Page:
Fired Postal Worker Featured in Push to Expand Reservist Job Rights

The plight of two reservists who appear to have lost their civilian jobs as a result of military service will be featured at a Thursday press conference to rally support for a bill that would increase penalties for employers who violate federal employment and re-employments rights laws for military personnel.

One of the men, Army National Guard Staff Sgt. Eric Grenesko, was laid off from a job as a service manager for a Pittsburgh company while he was away on military training. The second man, Richard Erickson of Fort Myers, Fla., was fired from the U.S. Postal Service for what his termination letter says was excessive use of military leave.

In Grenesko’s case, his termination notice made no clear link made to his military service, although he suspects that was the case. He received the layoff notice while away at a military training course for noncommissioned officers.

Erikson’s military service clearly was an issue. A National Guard Special Forces sergeant major who already had served one tour in Afghanistan, Erikson was terminated because postal officials calculated he had missed more than five years of work since 1991 because of his military service and was about to be mobilized for another 18 months.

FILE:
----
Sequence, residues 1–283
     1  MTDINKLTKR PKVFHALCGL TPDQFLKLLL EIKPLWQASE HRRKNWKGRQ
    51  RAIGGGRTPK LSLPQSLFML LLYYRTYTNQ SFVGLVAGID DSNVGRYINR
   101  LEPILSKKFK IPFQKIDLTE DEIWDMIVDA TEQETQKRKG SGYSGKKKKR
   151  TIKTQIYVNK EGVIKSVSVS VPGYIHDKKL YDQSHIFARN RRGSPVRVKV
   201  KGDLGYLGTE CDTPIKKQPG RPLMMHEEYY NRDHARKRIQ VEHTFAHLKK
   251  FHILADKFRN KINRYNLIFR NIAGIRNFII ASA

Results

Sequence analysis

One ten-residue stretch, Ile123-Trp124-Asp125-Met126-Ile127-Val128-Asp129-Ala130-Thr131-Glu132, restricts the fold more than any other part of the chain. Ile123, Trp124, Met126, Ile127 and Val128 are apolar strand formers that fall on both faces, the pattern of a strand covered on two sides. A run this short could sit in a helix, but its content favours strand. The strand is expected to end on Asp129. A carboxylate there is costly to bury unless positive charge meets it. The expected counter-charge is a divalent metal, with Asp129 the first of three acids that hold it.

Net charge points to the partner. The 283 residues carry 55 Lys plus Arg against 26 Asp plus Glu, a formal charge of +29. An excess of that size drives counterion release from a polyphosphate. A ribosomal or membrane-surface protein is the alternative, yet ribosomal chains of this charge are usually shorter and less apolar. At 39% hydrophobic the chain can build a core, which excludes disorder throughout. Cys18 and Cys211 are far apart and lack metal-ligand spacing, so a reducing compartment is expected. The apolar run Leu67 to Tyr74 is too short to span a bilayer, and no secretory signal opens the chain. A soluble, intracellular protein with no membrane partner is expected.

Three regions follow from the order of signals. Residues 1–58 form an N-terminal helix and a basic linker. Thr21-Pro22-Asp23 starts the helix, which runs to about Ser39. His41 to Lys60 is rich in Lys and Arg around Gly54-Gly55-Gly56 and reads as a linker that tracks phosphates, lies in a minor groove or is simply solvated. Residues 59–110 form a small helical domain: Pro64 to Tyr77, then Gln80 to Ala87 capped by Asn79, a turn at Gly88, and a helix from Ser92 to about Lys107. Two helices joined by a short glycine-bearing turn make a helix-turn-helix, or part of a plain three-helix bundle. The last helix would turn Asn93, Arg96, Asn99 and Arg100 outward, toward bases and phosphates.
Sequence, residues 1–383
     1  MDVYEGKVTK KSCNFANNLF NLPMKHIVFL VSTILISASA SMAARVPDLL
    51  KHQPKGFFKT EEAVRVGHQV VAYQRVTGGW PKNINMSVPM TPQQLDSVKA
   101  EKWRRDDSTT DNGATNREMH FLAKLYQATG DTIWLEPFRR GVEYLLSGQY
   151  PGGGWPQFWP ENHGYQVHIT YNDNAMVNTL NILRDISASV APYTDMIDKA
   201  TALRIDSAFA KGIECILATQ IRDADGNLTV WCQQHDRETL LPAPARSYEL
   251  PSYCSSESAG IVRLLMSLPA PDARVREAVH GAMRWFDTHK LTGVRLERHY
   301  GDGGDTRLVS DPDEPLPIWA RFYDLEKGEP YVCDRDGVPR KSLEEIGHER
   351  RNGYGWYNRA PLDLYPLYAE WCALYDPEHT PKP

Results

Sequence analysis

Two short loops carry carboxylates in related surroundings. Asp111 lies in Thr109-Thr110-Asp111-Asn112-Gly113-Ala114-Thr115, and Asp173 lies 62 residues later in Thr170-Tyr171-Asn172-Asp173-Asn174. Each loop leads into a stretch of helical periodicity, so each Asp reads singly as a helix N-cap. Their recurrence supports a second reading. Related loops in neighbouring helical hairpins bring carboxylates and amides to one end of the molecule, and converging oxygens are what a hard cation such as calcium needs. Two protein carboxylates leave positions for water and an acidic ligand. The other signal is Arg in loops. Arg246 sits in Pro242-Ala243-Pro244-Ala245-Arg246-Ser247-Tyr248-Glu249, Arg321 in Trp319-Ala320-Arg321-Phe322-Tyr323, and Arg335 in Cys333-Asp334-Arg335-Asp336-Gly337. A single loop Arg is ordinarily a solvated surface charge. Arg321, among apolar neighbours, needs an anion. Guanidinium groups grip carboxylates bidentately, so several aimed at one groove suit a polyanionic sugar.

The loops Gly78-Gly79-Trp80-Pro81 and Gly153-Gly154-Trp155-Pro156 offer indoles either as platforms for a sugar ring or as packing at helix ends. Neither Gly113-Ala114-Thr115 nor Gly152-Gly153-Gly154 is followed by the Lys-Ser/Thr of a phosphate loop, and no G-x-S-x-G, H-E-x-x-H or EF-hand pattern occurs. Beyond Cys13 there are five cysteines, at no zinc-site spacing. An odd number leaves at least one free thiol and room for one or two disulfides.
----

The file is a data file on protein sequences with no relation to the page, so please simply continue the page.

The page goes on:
Both men would be helped by the Reservists Access to Justice Act, sponsored by Rep. Artur Davis, D-Ala., which would strengthen the rights of service members to seek legal remedies if they believe their employment and re-employment rights were violated.

Those rights to hold onto a job are granted by the Uniformed Services Employment and Re-employment Rights Act, known as USERRA, which has a major loophole because some private-sector and government employers require workers to seek arbitration instead of suing over employment issues.

Under Davis’ bill, HR 3993, mandatory arbitration would not apply to USERRA cases and employers could face up to $20,000 in damages if they are found by a court to have violated a service member’s rights.

The bill, which Davis hopes to get passed through the House of Representatives this year, faces some jurisdictional issues. The House Veterans’ Affairs Committee has ultimate jurisdiction over USERRA, but the House Judiciary Committee on which Davis serves is responsible for some of the legal issues.

House leaders hope to work out an agreement for quick passage, Davis aides said.

source: Army Times